NATIVE ANIMAL RESCUE (NAR)
My Local "Go To" for Wildlife Rescue
NAR has been operating over 40 years. I have taken many an injured or orphaned bird. Very thankful to have such a LOCAL organization that does such wonderful work. I have been a monthly donor for many years.
So Many Success Stories!!
I took in a pair of newly hatched MOURNING DOVES. The parent had been carried off by a hawk, but not before dropping her feathers. (This is an escape mechanism.) Amazingly, beneath the feathers the babies were safe. I packed up the orphans and their entire nest on my windowsill, and off I went to NAR at 9pm at night. They took them and raised them and released them! So great!
Opossums are nesting under our house, how do I get rid of them? Ways to humanely get an Opossum who has already moved in to leave, are as follows:
What to do if you find a… hummingbird on the ground.
Finding a baby hummingbird on the ground is always an emergency. They die quickly from the cold, heat or starvation. If you have any doubts about how to handle this situation, call NAR at 831-462-0726.1. If the hummingbird has fallen out of the nest, GENTLY pick it up (including any debris, nesting material or other substance it’s sitting on because their delicate toes automatically lock when perched and are sometimes accidentally torn off when they’re picked up) and examine it for injuries.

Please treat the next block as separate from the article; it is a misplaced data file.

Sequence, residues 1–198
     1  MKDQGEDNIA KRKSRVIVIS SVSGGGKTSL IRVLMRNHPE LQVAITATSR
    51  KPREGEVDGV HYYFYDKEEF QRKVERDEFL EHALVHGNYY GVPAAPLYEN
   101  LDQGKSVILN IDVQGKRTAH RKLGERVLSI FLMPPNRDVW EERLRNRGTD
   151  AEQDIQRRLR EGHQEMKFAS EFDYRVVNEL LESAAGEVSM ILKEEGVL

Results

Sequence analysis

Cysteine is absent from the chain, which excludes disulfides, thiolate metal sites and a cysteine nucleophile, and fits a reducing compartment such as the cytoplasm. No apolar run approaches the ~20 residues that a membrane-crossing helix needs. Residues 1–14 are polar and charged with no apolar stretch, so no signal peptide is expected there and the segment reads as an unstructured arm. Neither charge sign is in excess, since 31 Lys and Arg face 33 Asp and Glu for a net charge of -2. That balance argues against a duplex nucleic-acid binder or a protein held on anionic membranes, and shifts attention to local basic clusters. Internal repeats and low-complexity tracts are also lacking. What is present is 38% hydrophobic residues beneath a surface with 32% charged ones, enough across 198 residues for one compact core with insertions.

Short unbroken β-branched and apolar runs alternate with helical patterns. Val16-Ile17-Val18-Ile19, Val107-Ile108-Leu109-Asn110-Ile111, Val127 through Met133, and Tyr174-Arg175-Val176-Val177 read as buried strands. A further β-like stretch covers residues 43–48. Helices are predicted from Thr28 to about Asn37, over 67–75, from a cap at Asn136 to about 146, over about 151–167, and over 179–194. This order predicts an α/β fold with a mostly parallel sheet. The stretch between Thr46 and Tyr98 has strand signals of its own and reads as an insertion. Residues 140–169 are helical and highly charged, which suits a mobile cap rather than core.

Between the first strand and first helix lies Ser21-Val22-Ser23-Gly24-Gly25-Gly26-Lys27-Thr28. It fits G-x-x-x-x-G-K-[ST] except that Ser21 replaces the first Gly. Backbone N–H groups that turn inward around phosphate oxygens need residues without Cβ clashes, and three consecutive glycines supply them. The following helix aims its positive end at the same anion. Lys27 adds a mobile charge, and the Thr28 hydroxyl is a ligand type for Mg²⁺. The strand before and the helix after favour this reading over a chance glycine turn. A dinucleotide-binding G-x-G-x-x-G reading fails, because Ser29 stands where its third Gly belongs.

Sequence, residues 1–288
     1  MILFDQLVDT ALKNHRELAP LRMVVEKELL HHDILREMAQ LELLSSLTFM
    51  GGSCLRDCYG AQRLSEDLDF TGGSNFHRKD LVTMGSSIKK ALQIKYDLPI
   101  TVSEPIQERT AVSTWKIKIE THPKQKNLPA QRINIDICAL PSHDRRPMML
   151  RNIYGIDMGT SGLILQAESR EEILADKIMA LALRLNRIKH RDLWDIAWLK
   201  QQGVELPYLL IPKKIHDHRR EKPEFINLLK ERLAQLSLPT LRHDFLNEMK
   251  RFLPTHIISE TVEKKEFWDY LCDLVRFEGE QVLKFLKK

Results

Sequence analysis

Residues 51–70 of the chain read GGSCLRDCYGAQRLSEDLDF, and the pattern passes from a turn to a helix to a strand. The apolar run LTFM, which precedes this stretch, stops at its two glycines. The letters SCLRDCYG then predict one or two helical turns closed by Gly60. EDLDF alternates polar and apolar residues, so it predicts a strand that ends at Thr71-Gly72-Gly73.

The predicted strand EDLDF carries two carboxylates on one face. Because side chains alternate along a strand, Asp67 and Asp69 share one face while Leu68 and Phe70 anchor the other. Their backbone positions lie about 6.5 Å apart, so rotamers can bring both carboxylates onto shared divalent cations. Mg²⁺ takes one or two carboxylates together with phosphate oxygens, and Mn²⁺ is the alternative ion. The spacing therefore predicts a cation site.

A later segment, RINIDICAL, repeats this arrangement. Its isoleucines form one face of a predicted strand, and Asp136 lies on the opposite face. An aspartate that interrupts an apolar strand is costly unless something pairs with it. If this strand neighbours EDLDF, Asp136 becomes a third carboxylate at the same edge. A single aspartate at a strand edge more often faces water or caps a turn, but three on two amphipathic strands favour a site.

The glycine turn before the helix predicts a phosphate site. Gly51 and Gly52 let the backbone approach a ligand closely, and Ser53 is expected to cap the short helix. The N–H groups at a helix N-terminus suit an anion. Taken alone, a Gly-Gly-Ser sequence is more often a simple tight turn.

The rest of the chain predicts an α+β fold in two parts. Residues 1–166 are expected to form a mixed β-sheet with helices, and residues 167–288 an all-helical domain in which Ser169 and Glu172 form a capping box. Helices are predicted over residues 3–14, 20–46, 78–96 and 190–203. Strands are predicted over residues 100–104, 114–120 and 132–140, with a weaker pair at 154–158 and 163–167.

2. If you see no injuries, carefully place it back in the nest.
3. Keep watch to ensure that the female continues to feed her young. It may take anywhere from 10 to 90 minutes for the mother to return.
4. If you’re unable to find the nest, or if the mother does not return, line a plastic cup or small box with tissue, and carefully place the bird into the container. Be sure the container or box is ventilated.
5. Keeping the bird warm is critical, so place the container on a warm towel heated for no more than 30 seconds in a microwave oven, hot water bottle, or heating pad set on low.
6. Immediately bring the hummingbird to Native Animal Rescue.